Tomioka Silk Mill is a UNESCO World Heritage Site registered in 2014 under UNESCO criteria (ii) and (iv). The extent of the plant, from its initial design, and the deliberate adoption of the best Western techniques illustrate a decisive period for the spread of industrial methods to Japan and the Far East. Its large, late 19th century buildings provide an eminent example of the emergence of a style of industrial architecture specific to Japan, combining foreign and local elements.  Tomioka Silk Mill was built in 1872 as Japan’s first government-operated model silk-reeling factory. The Tomioka Silk Milk is one of the indicators of revolution in technology as well as economic activities (trade) and politics (foreign policy) in Japan.

On the 18th of August 2020, students from World Heritage Studies took part in the field exercise for the Conservation Science course at Tomioka Silk Mill – Gunma Prefecture. With the help of Professor Toshiya Matsui (course teacher) and Professor Nobu Kuroda, students learned about conservation practice in tangible and intangible aspects of Tomioka Silk Mill such as architectural preservation and restoration, the environment control within the interior and the exterior of the building, and the preservation of knowledge that is one important aspect of heritage that influences the change in the sericulture and the silk industry.  Also learned were some of the strategies used for monitoring and controlling humidity and light in order to preserve the site. Students also learned about the deteriorations that are happening within the building and the surrounding areas and some of the approach that was taken to address deteriorations such as the high moisture content on the bricks and some restoration works that is on-going.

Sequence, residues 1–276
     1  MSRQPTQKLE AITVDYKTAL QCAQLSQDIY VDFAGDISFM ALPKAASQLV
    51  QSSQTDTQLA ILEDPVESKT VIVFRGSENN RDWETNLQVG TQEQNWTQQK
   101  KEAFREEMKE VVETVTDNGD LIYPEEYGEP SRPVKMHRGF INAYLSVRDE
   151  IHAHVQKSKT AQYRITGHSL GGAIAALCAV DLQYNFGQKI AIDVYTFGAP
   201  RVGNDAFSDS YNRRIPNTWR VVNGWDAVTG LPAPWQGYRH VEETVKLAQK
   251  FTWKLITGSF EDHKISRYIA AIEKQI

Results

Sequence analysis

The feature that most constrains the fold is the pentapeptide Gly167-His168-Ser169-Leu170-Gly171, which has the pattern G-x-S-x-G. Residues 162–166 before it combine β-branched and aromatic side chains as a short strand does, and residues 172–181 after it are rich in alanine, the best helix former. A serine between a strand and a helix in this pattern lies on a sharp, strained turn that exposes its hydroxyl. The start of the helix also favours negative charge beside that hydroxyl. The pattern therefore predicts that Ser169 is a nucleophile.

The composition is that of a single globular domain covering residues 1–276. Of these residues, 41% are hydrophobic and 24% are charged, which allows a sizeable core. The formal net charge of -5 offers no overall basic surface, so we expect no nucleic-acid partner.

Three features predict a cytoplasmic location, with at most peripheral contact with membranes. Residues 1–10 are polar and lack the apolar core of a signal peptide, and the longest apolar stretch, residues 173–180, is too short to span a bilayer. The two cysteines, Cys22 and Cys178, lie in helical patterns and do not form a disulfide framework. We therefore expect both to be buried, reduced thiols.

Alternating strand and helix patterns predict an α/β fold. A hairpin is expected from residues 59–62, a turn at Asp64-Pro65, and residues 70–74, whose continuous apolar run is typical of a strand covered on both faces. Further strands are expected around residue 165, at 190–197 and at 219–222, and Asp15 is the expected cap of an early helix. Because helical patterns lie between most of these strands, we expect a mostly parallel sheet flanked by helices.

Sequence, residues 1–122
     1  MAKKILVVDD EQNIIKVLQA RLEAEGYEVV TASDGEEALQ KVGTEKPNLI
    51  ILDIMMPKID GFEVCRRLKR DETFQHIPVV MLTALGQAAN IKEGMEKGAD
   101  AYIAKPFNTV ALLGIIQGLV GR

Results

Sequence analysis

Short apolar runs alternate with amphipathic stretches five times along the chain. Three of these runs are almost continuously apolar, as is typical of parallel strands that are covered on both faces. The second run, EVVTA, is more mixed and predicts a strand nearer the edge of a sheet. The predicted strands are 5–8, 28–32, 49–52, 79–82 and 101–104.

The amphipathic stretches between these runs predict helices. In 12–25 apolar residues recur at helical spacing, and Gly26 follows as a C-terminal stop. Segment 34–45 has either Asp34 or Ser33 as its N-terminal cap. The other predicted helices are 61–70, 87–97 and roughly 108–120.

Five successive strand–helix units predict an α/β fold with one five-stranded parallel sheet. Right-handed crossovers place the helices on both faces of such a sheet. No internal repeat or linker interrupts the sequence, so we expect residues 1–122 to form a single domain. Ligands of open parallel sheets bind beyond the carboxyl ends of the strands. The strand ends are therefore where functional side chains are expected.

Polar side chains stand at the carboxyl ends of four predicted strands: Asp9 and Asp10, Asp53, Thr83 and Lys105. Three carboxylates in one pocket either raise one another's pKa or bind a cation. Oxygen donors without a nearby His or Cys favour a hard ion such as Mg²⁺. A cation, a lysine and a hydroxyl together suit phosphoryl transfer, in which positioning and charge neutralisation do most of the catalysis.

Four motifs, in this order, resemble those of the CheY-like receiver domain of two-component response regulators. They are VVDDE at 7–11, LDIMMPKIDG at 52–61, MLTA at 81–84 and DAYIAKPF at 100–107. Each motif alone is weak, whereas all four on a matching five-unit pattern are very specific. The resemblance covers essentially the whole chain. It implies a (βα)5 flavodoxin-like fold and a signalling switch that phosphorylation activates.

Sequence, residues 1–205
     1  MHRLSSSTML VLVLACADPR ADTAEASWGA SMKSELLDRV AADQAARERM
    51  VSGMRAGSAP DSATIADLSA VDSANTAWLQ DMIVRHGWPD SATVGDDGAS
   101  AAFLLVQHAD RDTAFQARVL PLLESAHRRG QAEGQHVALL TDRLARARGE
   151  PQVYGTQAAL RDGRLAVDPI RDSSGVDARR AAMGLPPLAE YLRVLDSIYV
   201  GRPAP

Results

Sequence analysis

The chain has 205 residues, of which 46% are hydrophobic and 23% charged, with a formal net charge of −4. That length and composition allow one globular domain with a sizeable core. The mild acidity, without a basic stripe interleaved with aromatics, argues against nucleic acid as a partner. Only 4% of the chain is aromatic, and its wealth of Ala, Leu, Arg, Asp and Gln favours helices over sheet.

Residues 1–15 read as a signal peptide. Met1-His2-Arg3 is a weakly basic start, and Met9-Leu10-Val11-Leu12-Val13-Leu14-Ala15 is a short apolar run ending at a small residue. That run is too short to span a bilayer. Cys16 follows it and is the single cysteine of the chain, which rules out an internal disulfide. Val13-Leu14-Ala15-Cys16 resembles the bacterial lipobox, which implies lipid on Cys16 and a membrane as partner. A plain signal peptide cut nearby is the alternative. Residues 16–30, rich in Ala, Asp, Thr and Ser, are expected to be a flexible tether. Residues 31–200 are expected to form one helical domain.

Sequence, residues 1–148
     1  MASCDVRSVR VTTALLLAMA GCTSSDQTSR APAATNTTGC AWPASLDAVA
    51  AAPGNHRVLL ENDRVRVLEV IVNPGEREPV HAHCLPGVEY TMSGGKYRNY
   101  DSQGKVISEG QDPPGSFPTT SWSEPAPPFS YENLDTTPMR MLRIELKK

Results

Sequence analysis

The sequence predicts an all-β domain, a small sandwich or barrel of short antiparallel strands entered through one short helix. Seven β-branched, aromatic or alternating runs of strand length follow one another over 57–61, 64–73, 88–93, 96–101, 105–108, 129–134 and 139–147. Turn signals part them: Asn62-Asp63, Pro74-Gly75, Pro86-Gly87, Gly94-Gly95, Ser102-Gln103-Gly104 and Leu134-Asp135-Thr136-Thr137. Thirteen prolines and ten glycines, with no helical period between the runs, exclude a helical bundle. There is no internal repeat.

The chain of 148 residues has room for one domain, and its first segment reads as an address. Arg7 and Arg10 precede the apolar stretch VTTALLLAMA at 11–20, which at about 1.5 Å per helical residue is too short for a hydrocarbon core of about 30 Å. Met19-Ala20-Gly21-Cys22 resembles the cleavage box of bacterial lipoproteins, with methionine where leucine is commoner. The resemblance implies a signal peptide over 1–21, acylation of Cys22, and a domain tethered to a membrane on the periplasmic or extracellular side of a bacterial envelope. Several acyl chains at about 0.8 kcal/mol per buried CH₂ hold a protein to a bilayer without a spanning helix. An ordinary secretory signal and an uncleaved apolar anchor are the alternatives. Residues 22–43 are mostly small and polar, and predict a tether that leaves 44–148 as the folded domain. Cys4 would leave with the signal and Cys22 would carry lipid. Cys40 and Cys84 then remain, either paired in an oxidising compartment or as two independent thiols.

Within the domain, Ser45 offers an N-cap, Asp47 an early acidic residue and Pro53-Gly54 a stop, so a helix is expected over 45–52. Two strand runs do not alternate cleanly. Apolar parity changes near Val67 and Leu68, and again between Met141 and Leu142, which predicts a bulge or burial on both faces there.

The students visited the sericulture breeding site as well as having the chance to see and touch the real silk cocoons and listened to some explanations about how the sericulture operates. Basically, the idea of visiting the sericultural activities and breeding methods helps the students to understand the importance of the efforts that were put into the industry and the challenges that come with it. Knowing the challenges can be helpful in finding the solutions in maintaining the Tomioka World Heritage Site.

Photo (left) : Tomioka East Cacoon Warehouse.
Photo (right) : Students visiting the automatic reeling machine preserved inside the reeling factory.

[Written by Jethro, Matsui-lab]